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Assessing the Quality of Evolving Haskell Systems by Measuring Structural Inequality

Sander Kamps, Bastiaan Heeren, and Johan Jeuring

Software metrics are used to measure the quality of a software system, and to understand the evolution of the system's quality over time. In this paper we report on an empirical study that investigates whether structural degradation in Haskell systems is related to decreasing software quality. For our study we use three metrics that measure internal attributes at the level of Haskell modules: intra-modular complexity (cohesion), inter-modular complexity (coupling), and module size. For these metrics, we calculate the Gini coeicient, which is a measure of the inequality in a distribution of values within a certain population, and the deviation of the population’s central tendency from an empirically established ideal value. We develop a method to track the evolution, and measure the correlation between the calculated system-level information and post-release defects.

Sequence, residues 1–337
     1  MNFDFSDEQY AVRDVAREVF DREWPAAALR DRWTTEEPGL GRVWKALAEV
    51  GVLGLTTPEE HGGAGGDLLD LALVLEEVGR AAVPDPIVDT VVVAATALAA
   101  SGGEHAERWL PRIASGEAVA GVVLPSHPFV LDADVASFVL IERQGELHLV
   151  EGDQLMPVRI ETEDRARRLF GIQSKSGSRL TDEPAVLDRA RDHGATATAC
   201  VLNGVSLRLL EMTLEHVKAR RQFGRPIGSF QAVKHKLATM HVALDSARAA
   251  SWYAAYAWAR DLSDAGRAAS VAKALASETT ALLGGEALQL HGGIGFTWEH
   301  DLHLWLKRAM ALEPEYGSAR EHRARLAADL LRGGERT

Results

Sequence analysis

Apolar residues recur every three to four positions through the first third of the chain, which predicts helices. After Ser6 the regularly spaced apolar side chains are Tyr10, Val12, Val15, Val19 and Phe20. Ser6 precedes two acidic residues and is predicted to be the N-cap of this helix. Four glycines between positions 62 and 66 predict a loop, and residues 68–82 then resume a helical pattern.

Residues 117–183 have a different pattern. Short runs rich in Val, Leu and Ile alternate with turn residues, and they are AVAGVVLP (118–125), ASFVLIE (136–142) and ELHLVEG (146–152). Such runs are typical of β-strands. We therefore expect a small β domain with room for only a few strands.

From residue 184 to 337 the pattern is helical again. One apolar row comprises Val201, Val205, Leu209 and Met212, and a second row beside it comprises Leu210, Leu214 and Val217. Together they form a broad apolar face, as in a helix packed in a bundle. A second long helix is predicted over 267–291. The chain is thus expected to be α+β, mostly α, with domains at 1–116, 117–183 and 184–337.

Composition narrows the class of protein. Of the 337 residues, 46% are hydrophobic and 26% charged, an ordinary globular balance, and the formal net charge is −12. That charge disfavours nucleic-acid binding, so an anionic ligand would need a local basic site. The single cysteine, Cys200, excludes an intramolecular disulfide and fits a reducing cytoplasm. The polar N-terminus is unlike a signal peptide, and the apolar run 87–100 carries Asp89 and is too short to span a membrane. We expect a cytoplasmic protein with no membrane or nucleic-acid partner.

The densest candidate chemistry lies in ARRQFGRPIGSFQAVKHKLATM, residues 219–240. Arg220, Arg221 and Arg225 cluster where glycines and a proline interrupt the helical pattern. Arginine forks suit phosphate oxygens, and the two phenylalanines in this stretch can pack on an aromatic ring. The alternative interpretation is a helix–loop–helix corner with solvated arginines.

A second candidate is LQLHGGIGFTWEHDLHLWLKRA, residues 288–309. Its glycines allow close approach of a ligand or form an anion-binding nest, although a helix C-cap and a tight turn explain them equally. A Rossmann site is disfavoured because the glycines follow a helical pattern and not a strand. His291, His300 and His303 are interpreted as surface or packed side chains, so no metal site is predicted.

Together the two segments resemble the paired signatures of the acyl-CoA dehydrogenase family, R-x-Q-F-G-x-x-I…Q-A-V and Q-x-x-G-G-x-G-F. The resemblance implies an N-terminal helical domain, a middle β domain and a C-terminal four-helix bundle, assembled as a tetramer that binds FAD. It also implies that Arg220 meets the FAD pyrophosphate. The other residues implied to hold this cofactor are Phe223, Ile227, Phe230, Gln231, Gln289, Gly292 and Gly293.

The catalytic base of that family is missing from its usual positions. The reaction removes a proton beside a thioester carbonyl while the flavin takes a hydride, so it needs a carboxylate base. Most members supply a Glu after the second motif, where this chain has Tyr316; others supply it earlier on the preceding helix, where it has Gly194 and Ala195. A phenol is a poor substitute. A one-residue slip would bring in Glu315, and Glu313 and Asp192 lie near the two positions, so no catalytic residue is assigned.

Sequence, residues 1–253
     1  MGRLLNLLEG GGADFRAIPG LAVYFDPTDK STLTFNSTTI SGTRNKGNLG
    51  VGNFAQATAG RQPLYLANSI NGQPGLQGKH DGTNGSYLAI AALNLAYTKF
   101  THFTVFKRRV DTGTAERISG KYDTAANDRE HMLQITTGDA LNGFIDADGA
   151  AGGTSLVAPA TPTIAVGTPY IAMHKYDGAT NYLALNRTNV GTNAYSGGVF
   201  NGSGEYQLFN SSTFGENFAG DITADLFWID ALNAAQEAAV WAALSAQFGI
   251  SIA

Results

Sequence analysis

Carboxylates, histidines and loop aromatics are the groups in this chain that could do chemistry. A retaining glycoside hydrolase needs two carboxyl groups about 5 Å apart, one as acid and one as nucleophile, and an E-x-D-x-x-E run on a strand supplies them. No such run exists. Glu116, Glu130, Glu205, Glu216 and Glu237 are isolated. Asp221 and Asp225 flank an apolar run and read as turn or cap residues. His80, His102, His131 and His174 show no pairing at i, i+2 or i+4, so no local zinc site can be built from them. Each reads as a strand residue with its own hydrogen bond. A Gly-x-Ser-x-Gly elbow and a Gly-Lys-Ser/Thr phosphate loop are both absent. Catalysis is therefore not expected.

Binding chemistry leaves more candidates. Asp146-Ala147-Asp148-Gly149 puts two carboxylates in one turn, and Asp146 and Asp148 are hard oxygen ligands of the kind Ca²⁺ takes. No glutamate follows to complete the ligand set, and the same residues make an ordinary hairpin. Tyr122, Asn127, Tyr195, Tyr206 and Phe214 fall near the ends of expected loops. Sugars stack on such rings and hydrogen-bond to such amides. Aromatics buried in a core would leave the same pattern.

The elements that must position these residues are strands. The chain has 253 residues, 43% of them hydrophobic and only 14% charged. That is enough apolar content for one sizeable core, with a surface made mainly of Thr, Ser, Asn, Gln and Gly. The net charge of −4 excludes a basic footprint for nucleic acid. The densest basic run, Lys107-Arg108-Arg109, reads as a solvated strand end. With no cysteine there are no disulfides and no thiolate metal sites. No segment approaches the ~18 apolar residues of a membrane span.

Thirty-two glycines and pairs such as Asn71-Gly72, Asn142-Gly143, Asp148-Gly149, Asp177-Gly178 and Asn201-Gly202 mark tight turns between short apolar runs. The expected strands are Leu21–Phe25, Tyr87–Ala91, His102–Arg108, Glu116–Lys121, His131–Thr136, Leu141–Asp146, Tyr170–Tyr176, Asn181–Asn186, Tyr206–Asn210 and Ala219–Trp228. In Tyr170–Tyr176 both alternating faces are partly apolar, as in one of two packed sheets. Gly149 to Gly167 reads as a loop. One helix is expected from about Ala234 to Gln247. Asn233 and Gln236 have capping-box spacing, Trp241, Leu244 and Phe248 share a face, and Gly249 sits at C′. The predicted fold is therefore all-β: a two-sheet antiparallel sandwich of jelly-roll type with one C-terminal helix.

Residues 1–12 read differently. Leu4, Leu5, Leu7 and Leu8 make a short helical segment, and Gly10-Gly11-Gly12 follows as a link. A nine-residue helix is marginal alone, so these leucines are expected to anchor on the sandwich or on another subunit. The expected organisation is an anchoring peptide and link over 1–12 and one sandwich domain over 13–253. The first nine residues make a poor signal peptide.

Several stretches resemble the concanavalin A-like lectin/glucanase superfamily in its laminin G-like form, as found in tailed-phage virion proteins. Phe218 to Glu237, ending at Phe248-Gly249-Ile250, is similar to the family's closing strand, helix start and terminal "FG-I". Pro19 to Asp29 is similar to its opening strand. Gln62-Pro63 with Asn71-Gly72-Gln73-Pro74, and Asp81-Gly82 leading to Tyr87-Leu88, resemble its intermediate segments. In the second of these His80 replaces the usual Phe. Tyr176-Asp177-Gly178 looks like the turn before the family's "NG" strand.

The results show that: (1) post-release defects are signiicantly correlated with the degree of inequality between the size of modules, (2) the inequality measure is able to indicate signiicant structural shifts in Haskell source code, and (3) the deviation of a population’s central tendency from an ideal value can serve as a benchmark to evaluate the structural characteristics of a Haskell system. The results, however, do not show that a combined measure for inequality and ideal value deviation increases the ability to indicate the defect proneness of Haskell source code.

In Proceedings of the 13th ACM SIGPLAN International Symposium on Haskell, Haskell 2020, pages 67-79, 2020.

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